We recently received an anonymous tip about some School District 11 (D11) buses that were sold for scrap. Over the years, we’ve received complaints about the 2017 mil levy in D11 that increased business and property taxes for all who reside within the district . Businesses, especially, saw a big jump in their taxes to help fund D11 schools.
In early May, D11’s transportation department staff drove approximately 30 buses with full tanks of diesel fuel to a scrapyard. Prior to the trip to the scrapper, D11 staff took cans of black spray paint to the buses. They painted over identifying information. Additionally, they blacked-out headlights and drew pictures on the sides of the buses. Windows were broken. These destructive actions make it apparent that the functioning vehicles were being thrown away, and there was no intention for them to ever be driven again.
What do we know about the buses? Quite a bit after filing a Colorado Open Records Act (CORA) request for more information. We know that the scrapyard paid D11 $600-1100 per bus. The scrapyard didn’t throw all the buses away, though. We know that 18 of the vehicles ended up for sale at a local used car lot. They are listed for over $11,000 each. The mileage of the buses we tracked down are between 180,000-220,000 miles each and range in year from 1998-2002.
We’ve also done a little research into the engines. They are Cummins and Mercedes Benz diesel engines that can often go up to 400,000 miles if maintained properly.
So, if they could be worth $11,000 each —or even more if they hadn’t been vandalized— why didn’t D11 just sell the buses to offset future expenses? Our math shows that if they had sold 30 buses at $11,000 each, the taxpayers of D11 would have $330,000 more in their school district budget.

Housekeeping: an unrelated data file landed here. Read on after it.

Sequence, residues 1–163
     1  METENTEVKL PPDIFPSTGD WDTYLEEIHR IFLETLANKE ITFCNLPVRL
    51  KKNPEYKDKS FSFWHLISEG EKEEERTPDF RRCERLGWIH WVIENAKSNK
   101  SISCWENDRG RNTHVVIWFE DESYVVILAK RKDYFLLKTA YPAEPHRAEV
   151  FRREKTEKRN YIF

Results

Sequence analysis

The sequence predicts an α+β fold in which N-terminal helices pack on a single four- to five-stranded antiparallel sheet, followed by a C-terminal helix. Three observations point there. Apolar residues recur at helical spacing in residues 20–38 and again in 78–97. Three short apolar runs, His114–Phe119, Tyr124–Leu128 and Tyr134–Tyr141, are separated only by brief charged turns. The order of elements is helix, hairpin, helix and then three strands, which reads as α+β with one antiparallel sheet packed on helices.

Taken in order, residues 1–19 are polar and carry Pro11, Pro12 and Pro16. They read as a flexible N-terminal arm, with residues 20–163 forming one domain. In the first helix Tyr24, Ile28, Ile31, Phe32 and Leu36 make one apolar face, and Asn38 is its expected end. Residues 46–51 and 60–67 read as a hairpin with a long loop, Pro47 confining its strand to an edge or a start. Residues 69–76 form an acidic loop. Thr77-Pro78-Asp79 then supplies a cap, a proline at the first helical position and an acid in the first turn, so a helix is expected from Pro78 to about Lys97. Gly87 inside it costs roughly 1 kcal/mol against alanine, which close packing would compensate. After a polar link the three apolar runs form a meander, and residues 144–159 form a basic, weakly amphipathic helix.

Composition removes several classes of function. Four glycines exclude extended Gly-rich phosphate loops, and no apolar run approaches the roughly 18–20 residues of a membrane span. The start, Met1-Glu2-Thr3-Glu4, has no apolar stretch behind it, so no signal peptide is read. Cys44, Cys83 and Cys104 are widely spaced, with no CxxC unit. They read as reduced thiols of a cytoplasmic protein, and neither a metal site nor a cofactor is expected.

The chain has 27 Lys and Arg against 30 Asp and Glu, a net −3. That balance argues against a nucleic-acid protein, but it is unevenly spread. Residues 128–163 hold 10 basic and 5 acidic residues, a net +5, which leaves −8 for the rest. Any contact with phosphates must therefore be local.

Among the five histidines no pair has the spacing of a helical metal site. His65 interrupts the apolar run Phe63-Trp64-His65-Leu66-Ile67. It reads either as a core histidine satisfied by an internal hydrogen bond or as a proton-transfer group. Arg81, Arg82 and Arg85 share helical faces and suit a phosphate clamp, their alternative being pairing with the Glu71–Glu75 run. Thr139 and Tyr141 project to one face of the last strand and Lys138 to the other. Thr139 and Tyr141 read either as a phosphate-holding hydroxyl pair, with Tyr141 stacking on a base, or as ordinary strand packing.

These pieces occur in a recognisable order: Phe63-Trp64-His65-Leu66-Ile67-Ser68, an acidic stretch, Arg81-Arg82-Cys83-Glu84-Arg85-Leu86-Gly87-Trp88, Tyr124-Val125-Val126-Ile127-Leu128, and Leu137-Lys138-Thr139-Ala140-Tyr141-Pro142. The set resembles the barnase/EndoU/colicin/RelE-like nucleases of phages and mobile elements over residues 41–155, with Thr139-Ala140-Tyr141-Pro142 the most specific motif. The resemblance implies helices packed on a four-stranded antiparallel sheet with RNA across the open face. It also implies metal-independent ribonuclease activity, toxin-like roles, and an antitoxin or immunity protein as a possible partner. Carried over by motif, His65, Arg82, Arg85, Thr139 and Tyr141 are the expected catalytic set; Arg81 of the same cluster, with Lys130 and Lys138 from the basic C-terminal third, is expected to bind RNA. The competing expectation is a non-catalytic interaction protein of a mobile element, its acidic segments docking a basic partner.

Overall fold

As taxpayers, we have a big problem with this obvious vandalism and wastefulness.
We asked: Were the buses replaced with new buses or is there the intention to replace the scrapped buses with new ones in the future?
D11’s reply: “We purchase 5 new buses every year around September and October. This year we are purchasing 7 because of the new academic programs; the ridership and routes have increased.”
It makes a taxpayer wonder if the $330,000 would have made a nice down payment on 7 new buses.
We also asked for 2 years of repair records for the scrapyard buses. The maintenance records weren’t extensive. There were coolant leaks, heater repairs, radio repairs, squeaky brake repairs, and some seat repairs due to student graffiti damage. Nothing indicates the vehicles deserved a death sentence at the scrapyard.
There is a market for the buses, as evidenced by 18 of them ending up at a private used car lot. Private businesses saw the value of the vehicles. They saw an opportunity to profit. The public school district that collects tax dollars —also known as your money— did not see the value of the vehicles and threw them away. They can always just buy more buses —with our money.
This perfectly illustrates the point that private businesses understand the value of a dollar, but government entities don’t. It’s easy come, easy go with our tax dollars.
Do you live in COS School District 11? Are you as ticked off as we are that $330,000 of your tax dollars just went down the tubes? Do you want to know if this is a common practice with older D11 vehicles? Your elected school board members and public servants should hear from you. The School Board member email addresses listed below:
Shawn Gullixson- Shawn.Gullixson@d11.org
Julie Ott- firstname.lastname@example.org
Jim Mason- email@example.com
Parth Melpakam- firstname.lastname@example.org
Darleen Daniels- email@example.com
Jason Jorgenson- firstname.lastname@example.org
Chris Wallis- email@example.com
Also, consider contacting D11’s School Superintendent Michael Thomas and share your thoughts with him at Michael.Thomas@d11.org .